Golf expert Ben Coley fancies Tommy Fleetwood to extend his Race To Dubai lead in this week's Italian Open.
At the turn of the decade with the European Tour mired in financial problems, the Italian Open was an event which suffered so badly that its long-term future appeared to be in doubt.
Standing opposite the PLAYERS Championship, organisers had no chance of attracting even local favourite Francesco Molinari as a player ranked almost 2,000th in the world claimed his second win, a decade on from his first. Still, at least it was close. One year earlier, world number 420 Daniel Vancsik had won by six.
Now, boosted by its inclusion in the multi-millions Rolex Series, world number five Jon Rahm and Masters champion Sergio Garcia combine with Molinari junior at the head of a high-class field which guarantees entertainment - particularly after a late switch back to Golf Club Milano.
Molinari, despite in his own words "hitting horrible shots", clung on to beat Ryder Cup-bound Danny Willett a year ago in a straightforward shootout on a short, rain-softened, there-for-the-taking golf course. A year earlier, a thriller of a different kind saw Rikard Karlberg edge out Martin Kaymer on a day where as many as a dozen players had a genuine chance to win. On both occasions it really was all about the birdies.
Reaching the required total is a task best achieved by continually attacking pins, and there's no obvious reason why that won't suit Rahm as he bids to cap his first full year as a professional by overhauling Tommy Fleetwood at the head of the Race To Dubai standings.
Fleetwood, though, has other ideas and he looks the best bet on the back of an encouraging return to action in last week's Alfred Dunhill Links Championship.
It was heartening to hear him talk in Scotland about becoming a father during the British Masters but on this occasion, there's no real cause to speculate that it might trigger an upturn in his play. All we really need is for it to have no detrimental impact on one of the stars of 2017.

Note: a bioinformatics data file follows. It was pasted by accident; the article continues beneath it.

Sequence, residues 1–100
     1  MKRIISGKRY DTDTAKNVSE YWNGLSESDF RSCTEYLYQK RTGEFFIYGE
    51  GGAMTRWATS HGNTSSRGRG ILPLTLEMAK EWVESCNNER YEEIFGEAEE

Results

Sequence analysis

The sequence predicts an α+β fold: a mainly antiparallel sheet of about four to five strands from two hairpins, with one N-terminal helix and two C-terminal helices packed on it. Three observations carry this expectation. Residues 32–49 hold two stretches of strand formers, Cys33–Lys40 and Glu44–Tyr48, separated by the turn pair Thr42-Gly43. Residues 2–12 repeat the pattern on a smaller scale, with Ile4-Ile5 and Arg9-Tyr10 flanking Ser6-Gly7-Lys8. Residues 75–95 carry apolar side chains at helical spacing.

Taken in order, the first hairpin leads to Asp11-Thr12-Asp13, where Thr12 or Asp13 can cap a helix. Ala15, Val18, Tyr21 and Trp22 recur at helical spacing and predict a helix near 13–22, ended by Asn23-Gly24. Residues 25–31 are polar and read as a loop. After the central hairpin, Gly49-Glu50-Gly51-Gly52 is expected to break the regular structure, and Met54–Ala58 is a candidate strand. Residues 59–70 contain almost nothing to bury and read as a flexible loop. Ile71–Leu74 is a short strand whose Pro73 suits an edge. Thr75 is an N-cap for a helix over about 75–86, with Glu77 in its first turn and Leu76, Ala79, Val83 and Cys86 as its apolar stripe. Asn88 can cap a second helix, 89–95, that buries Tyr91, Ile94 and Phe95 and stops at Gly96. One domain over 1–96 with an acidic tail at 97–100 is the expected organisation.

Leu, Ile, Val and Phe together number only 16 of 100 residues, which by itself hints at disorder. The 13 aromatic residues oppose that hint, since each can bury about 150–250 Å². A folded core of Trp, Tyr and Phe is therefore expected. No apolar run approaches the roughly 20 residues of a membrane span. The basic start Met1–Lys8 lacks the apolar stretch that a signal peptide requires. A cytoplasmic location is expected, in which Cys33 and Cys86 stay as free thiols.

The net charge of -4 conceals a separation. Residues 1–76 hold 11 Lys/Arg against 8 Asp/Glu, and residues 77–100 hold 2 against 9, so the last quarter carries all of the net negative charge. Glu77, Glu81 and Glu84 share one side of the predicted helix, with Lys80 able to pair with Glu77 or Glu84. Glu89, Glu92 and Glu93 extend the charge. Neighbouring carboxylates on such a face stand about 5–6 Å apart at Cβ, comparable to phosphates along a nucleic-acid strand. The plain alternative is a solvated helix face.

Since finishing seventh here in 2016, Fleetwood has since become a genuine threat at elite level courtesy of wins in Abu Dhabi and France and with a big lead in the season-long Race To Dubai, he might just be one more victory away from capping the most memorable year of his life.
He's already won a Rolex Series event of this stature and providing the putter behaves - which it certainly did during his course-record 63 at Carnoustie last Friday - I see no reason he can't add another on a golf course which he's performed well at when nowhere near the force he is today.
Crucially, Fleetwood is absolutely determined to be crowned Europe's golfer of the year and has that very much in mind in Italy this week, knowing that as he heads home afterwards, the Spaniards in hot pursuit will be off to the Valderrama Masters as they look to eat into his lead.
"I would love to win the Race To Dubai, absolutely love it," admitted Fleetwood last week, and as arguably the biggest threat to Rahm bar perhaps the defending champion, he has to be a bet at around 25/1.
Tree-lined fairways and small greens should also help Matthew Fitzpatrick confirm that he too is overpriced at the same sort of price.
This will be the 35th European Tour event Fitz has played since his breakthrough victory in the British Masters two years ago, and he's since added three more titles to a collection which will continue to grow rapidly.
At this level he's not only a frequent winner, but he's just about the best around when it comes to taking a chance and that counts for so much when trying to pick apart a bunch of players who might otherwise appear equals.
We saw that ability as recently as a month ago as the youngster beat Scott Hend in a play-off for the European Masters and that's a significant form line, as it confirms that when the emphasis is on fairways and low-scoring, he's absolutely deadly.
Fitzpatrick has finished 11th and 15th since returning from a short break following his victory in Switzerland and the latter was particularly encouraging, as he'd missed the cut in both previous Dunhill Links starts but this time fought hard following a bad start to maintain his momentum.
Third here two years ago and 16th last year, when bang in the mix until a disappointing final round, Golf Club Milano definitely suits and there are no issues around motivation for this man in particular. Fitzpatrick just wants to keep on winning until he's right at the top of the game.
Again, with the greatest of respect, he's a superior player to Tyrrell Hatton, he's much more prolific than Molinari and he's in better form than Garcia. I only see one player in this event who is considerably more likely to win it and that's Rahm, for whom a shootout on a tight track may not prove to be ideal.